Kinshasa-blog On the Congo River
2 June 2015

Kinshasa-blog On the Congo River

Democratic Republic of Congo

Nienke van Renssen –

Today we saw the sun set over the Congo River, a great view of a wild brown river of which the other side was almost invisible. Maître Joseph proudly explained that this river runs all the way from eastern Congo and flows through about every province of this immense country. Amazing how far away the origin of the river is. This morning Frank has arrived from Lubumbashi. He is the deputy of the Katanga province, on the border with Zambia. Katanga is two thousand kilometres away and Frank has taken much trouble to get here in Kinshasa. It does not only cost him a lot of time, but also money. Apparently a domestic flight can be as much as twice the cost of a return ticket to Europe.

What I understood today is that the legal system in eastern Congo, or basically anywhere outside the major cities, is poorly organized. Often there is only one judge in an entire district, often without staff. There is a lack of knowledge and there is hardly any infrastructure. And if that one judge is not present, there is no possibility to refer a case to a judge at all. Let alone that there is a ‘fast track’ like is now being experimented with in the Netherlands.

To make lawyers in Congo more aware of opportunities that are available to assist their clients, we began this morning with a presentation on international human rights. Lizette Vosman explained the various international law instruments, including the International Covenant on Civil and Political Rights (ICCPR) and the Convention Against Torture. In addition, she discussed international criminal law. At the last Universal Periodic Review of the DRC before the Human Rights Council, the Government of the DRC was recommended to establish joint chambers, consisting of international and national experts for the prosecution of war crimes and crimes against humanity that have occurred in the country. From one of the participants I understood that the establishment of mixed rooms also necessary because the army allegedly committed many of the crimes. Members of the military are tried by the military court and the independence of this court is doubted strongly. The establishment of the joint chambers could provide a solution. Although the recommendation was adopted by the government, it is not expected that such rooms will be formed anytime soon.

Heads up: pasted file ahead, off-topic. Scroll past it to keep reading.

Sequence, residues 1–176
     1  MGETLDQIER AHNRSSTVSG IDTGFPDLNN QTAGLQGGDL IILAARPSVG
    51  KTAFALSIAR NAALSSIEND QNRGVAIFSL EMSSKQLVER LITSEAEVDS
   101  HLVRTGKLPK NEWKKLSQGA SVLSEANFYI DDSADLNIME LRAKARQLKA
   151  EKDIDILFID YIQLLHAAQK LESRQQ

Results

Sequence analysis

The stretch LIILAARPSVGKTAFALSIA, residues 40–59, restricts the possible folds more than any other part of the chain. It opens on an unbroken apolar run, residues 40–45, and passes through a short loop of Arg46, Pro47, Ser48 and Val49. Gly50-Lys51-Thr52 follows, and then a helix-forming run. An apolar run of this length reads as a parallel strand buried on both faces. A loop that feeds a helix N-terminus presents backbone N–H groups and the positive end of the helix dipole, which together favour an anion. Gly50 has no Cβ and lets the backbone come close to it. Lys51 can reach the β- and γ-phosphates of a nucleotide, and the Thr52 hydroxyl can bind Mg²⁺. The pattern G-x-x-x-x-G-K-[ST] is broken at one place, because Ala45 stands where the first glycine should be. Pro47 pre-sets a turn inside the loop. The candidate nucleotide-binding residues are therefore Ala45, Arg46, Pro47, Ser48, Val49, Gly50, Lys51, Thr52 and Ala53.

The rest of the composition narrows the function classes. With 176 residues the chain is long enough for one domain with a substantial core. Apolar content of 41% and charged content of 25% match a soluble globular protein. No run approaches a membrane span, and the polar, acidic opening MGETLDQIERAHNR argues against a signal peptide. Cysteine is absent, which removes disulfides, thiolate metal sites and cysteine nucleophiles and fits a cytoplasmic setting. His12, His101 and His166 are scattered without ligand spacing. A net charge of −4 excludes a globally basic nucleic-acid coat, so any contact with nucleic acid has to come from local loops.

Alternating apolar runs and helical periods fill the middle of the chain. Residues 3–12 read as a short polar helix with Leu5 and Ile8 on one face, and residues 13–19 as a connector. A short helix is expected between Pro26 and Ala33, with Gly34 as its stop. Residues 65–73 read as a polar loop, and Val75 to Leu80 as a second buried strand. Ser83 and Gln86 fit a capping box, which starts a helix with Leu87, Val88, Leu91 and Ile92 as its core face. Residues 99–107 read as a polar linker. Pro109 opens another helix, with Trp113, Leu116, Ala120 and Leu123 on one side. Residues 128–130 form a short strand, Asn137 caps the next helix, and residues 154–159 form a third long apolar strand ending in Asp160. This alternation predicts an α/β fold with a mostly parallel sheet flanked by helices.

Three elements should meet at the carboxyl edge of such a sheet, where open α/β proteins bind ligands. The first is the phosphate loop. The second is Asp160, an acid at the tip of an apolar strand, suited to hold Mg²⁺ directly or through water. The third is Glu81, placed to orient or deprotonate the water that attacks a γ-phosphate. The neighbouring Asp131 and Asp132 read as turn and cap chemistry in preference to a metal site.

Subsequently, Irma van den Berg introduced the Basic Principles on the Role of Lawyers of the United Nations, which exist 25 years this year. We had brought a French version for all Congolese participants. They were very interested in the Basic Principles, precisely because these offer clues to lay a claim to the independence of lawyers. For Lawyers for Lawyers, these Basic Principles are an important document. We have explained that although it is ‘soft law’, this is a very good tool to use, for example, for the lobby regarding the proposed amendment of the lawyers’ bill. Our Congolese colleagues are also planning to use the Basic Principles in the training of young lawyers.

To explain a bit more on the proposed law, two deans from the bar association were present today. They explained that the bill is pending (it concerns the Proposition de loi sur le cadre barreau of November 5, 2012), but it is unclear when this will be on the agenda of the National Assembly. We talked extensively about the persecution of lawyers because of the exercise of their profession and the role of the dean. Article 73 of the new bill is very important for the Bar Association in Kinshasa in this regard. It stipulates that lawyers can only be tried at the request of the Attorney General, after the dean has been informed. Moreover, they can only be tried by the Cour d’Appel. This is an important difference with the current situation, because at this moment, a lawyer who speaks displeasing can be judged by any subdistrict judge, like any other citizen. One of the deans, batonnier Maître Kayudi managed to argue the case well and said, among other things, that it is the lawyer who speaks the words that one does not want to hear and when lawyers are being silenced this touches the heart of our profession.

Fortunately, we are still not hindered to speak, as this blog shows, as well as the many tales told by our Congolese colleagues and colleague Guillaume (to us: Willem Blaauw), tonight at the restaurant during a meal of crocodile and antelope.

Nienke van Renssen is a lawyer at CMS Derks Star Busmann in Amsterdam and member of the L4L focus group Africa.



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